Tucson, Arizona├é┬*├é┬*Monday, 9 September 2002



Disability is a tricky subject for job seekers, employers


Knight Ridder
Diannalynn Schwartz, with brother John Fornes, can't stand for long periods or lift more than 20 pounds. When it could affect a new job, she has to know when to bring that up with a potential employer.



Key questions: What to say, when to say it

By Margaret Steen
KNIGHT RIDDER NEWSPAPERS

If you're looking for a job and you have a disability, when - and how - should you broach the subject with your potential employer?

Too soon, and you risk being screened out before the selection process has even begun. Too late, and you could damage your relationship with your new boss if it appears you weren't honest.

If your disability will prevent you from completing an interview unless you tell someone - for example, if you need a sign language interpreter, or if you need to make sure you can get to the interview location in a wheelchair - you'll have to bring up the subject early in the process.

But in many cases, you have a choice about when to tell your employer. In some instances, you may not have to say anything at all.

San Jose, Calif., resident Diannalynn Schwartz, 48, found herself in this position at her last full-time job, as a marketing director at an e-commerce company. Because of surgery on a broken leg a few years ago, she can't lift more than 20 pounds and sometimes uses a cane. But that didn't matter for an office job, so she didn't tell her boss until the boss happened to see Schwartz using her cane.

That was an easy case. However, since she was laid off a year and a half ago, Schwartz has learned firsthand that disclosure can be much trickier. Schwartz has expanded her job search to include not only marketing jobs but also retail positions.

Now she has to decide when to bring up the fact that she can't lift heavy objects without help, or that she can't stand for long periods of time. Should she write it on the application? Tell the interviewer at the first interview?

Wait for a job offer?

There are both legal and practical issues here. Legally, companies generally aren't supposed to inquire about whether you have a disability before making a job offer. But if you need some sort of accommodation, then at some point you'll have to tell the employer.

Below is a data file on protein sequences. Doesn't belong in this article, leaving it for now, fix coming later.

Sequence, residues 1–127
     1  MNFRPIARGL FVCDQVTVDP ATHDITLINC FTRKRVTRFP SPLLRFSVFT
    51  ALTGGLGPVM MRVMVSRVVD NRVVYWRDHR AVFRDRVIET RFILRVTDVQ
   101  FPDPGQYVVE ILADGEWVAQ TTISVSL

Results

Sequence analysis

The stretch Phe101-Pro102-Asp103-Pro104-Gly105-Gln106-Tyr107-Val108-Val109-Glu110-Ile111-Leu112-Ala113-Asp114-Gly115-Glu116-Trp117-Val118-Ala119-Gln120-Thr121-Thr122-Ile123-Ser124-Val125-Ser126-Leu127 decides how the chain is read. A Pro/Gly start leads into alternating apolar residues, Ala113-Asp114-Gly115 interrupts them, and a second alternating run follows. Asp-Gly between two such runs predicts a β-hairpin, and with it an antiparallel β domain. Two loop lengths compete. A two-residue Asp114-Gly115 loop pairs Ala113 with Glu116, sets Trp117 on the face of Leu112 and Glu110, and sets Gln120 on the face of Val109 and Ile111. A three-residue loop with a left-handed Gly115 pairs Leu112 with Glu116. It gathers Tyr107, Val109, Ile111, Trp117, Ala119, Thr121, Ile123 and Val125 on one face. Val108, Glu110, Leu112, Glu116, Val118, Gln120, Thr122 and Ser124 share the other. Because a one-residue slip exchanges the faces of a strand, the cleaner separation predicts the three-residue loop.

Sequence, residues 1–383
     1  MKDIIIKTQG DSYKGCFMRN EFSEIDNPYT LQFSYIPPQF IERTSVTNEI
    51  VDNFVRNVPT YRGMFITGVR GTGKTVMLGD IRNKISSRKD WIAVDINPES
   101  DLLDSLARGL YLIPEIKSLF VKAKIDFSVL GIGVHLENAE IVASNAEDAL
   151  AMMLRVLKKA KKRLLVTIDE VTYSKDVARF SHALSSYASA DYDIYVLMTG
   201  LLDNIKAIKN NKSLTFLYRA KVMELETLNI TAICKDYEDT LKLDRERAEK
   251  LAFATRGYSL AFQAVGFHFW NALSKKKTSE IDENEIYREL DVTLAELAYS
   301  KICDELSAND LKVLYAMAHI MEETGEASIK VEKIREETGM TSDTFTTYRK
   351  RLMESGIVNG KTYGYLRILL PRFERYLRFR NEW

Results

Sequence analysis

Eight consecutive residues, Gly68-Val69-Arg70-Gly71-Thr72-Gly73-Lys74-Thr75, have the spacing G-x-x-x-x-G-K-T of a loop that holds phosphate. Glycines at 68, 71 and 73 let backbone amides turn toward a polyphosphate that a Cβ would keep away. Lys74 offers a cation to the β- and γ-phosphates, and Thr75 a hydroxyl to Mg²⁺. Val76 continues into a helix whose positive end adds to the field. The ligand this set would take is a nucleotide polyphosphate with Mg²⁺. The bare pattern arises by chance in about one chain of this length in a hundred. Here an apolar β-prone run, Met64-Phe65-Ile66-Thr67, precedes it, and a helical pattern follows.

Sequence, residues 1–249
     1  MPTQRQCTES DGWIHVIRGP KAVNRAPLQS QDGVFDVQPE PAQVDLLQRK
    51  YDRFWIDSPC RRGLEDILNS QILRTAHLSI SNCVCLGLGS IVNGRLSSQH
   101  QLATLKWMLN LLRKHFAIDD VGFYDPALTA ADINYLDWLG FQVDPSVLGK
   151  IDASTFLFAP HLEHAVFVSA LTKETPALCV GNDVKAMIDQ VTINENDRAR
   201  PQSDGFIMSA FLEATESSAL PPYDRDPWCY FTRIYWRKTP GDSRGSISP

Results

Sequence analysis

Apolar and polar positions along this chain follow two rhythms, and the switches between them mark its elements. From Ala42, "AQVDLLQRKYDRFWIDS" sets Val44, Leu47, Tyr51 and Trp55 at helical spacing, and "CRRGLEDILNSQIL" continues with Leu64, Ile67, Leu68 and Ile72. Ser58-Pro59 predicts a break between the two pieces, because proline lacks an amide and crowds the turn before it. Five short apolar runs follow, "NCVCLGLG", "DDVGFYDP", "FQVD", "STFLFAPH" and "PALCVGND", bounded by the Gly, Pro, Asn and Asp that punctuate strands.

Schwartz could try to avoid this issue until she has a job offer and then broach the subject of an accommodation for her disability. But she said she generally tells employers upfront - either on the application or in the initial interview - about her disability if the job requires standing or heavy lifting.

"I would rather an employer know what they're getting, just like I want to know what I'm getting into," Schwartz said.

Not all disabled workers face this decision. Mark Ruddell, who works as a contractor for IBM through a nonprofit organization called Lift, doesn't need an accommodation to do an interview. But because his cerebral palsy affects his speech, he mentions it when he begins an interview.

"It's pretty obvious when I open my mouth, so I do make a comment about it, that if you need me to speak up or slow down, let me know," Ruddell said. "I just want them to know if they have trouble understanding me, it's OK to ask me questions."

Both Ruddell and Schwartz said they have learned to read the body language of the person they're talking to to decide whether to offer any additional explanation of their disability. Does Ruddell need to reassure the interviewer that his disability affects only his speech, not his intellect? Does Schwartz need to explain to potential employers how she injured her leg?

"You have to become a really savvy reader," Schwartz said.

"I've had to just step out of the process right then and there, even when the job was for a store manager where the primary goal was to increase sales volume day over day," she said.

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